Hello? Is the doctor there?

Global travelers must contend with the differences – and sometimes limitations – of a foreign healthcare system. But what if you had a tool that makes it easier?

Telehealth is an option in an increasing number of locations. Due partly to the global COVID-19 pandemic, phone and video consultations have become logical replacements for in-person visits in many cases.

Domestic populations’ overall health is elevated through telehealth also. Some countries – especially large ones like India and Australia – have a wide disparity in health care between populated urban areas and remote regions. Telehealth is one solution toward better access.

A traveler who falls ill abroad may be able to consult with a physician back home. Certain types of illnesses lend themselves to telehealth: general malaises that can be described without need for doctor’s hands-on examination; many dermatological conditions; certain eye conditions; mental health; advice on poisons; any chronic issues that you and your doctor are already monitoring and for which a follow-up can easily happen via video chat discussing patient-reported symptoms.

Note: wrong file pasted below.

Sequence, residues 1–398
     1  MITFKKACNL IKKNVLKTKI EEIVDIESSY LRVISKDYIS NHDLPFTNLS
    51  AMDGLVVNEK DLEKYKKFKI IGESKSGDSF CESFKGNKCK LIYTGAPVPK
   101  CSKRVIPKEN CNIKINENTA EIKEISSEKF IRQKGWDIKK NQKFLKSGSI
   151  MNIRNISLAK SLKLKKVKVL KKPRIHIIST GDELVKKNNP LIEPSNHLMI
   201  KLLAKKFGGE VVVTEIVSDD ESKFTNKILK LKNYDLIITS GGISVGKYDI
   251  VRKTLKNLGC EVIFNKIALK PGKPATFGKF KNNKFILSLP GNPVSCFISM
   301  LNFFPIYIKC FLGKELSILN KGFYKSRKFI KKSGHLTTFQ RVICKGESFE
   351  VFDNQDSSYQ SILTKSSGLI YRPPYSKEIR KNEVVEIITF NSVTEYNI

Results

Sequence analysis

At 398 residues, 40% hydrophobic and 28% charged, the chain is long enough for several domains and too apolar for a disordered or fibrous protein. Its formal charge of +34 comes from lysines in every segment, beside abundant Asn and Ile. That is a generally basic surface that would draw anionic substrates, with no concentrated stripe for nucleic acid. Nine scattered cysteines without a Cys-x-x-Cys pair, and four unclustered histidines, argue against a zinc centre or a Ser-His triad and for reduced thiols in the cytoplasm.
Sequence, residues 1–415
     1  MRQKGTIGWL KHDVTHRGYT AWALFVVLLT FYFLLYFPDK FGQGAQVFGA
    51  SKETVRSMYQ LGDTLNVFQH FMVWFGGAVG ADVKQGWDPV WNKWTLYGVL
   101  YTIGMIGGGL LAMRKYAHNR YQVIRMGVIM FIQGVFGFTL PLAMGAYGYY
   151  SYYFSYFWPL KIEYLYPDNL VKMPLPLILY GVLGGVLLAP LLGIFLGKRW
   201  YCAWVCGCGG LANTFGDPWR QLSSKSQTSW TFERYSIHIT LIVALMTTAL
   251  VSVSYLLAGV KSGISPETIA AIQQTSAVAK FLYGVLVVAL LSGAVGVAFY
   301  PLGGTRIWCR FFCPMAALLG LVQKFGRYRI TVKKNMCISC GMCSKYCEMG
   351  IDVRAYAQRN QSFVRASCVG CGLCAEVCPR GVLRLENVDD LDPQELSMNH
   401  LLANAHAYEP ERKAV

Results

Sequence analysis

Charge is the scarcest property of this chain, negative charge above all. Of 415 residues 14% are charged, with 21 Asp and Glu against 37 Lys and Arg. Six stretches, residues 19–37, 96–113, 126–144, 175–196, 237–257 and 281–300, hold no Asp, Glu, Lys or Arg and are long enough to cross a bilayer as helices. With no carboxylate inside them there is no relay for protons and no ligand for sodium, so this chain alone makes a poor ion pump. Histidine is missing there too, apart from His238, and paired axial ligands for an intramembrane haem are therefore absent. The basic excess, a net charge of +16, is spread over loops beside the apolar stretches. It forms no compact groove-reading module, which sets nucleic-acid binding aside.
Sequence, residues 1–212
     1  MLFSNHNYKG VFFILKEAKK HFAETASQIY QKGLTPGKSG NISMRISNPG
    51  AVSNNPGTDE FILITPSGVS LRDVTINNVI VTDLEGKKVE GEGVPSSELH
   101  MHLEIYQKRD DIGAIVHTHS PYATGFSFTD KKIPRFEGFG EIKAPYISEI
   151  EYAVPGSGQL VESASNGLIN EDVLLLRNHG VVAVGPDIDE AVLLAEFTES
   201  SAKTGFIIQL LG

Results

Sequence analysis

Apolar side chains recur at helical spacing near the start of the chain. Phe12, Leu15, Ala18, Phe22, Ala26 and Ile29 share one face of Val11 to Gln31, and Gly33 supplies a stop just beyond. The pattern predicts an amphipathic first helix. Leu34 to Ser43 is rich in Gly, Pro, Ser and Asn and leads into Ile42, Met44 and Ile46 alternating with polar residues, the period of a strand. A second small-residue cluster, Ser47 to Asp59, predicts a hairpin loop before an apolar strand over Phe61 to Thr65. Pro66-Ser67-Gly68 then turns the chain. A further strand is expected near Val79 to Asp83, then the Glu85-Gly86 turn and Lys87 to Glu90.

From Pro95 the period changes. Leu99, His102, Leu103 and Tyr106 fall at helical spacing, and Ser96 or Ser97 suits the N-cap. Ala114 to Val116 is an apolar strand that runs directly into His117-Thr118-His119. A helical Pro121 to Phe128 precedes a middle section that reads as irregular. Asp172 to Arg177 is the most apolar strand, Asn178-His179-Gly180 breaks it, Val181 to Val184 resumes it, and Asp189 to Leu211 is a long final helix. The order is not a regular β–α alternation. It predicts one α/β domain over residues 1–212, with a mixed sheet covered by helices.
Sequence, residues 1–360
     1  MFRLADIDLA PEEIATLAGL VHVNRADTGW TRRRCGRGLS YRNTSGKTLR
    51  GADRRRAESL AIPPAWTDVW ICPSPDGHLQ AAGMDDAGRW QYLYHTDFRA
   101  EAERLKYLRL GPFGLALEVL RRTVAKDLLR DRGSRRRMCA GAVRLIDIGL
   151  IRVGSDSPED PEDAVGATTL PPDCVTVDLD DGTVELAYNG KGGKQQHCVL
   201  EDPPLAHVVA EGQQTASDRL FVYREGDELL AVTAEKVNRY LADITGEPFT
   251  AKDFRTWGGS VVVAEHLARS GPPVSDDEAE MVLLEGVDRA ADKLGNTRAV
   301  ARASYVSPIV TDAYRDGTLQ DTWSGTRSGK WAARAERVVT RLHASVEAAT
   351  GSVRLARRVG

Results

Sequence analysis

If you have specific conditions which you know will need monitoring, consider keeping some medical devices at home – like a blood pressure cuff for someone with high BP or a glucose monitor for a diabetic — along with standard items like a thermometer. These readings will give your tele-doctor some helpful data to evaluate and treat you.

Obviously, if you need any special equipment or diagnostic tools, a video appointment is not going to be effective.

Keep in mind that language can be an issue when trying to describe the nuances of a problem. Even if you can’t connect with a medical professional from home, a host country directory may let you filter by language spoken. Check your camera and lighting. Sit near a window or use an additional light source if necessary. A solid Internet connection is also key for video calls.

Before arranging a virtual appointment, confirm that such visits are covered by your insurance plan. Your insurer or medical group may have their own platform or app for tele-visits.

Also note that most countries now have policies that support and/or regulate the telehealth sector. Some countries – like Bahrain and South Africa – require any practitioner who treats a patient in the country to be registered or licensed with the national health authority. This can make it trickier to see a home-country health professional, but knowing this ahead of time prepares you to search for a local doctor.

Some countries have advanced telehealth offerings, such as New Zealand, whose National Telehealth Service offers a range of well-established services. Kazakhstan’s strategic focus on delivering better medical access to rural regions nearly 20 years ago led to a successful telemedicine network that is now transitioning to digital health solutions. In this expanding space, it’s become easier for travelers to access the healthcare they need around the world.

Written by Ellen Harris, GMS, Product Manager, Content Group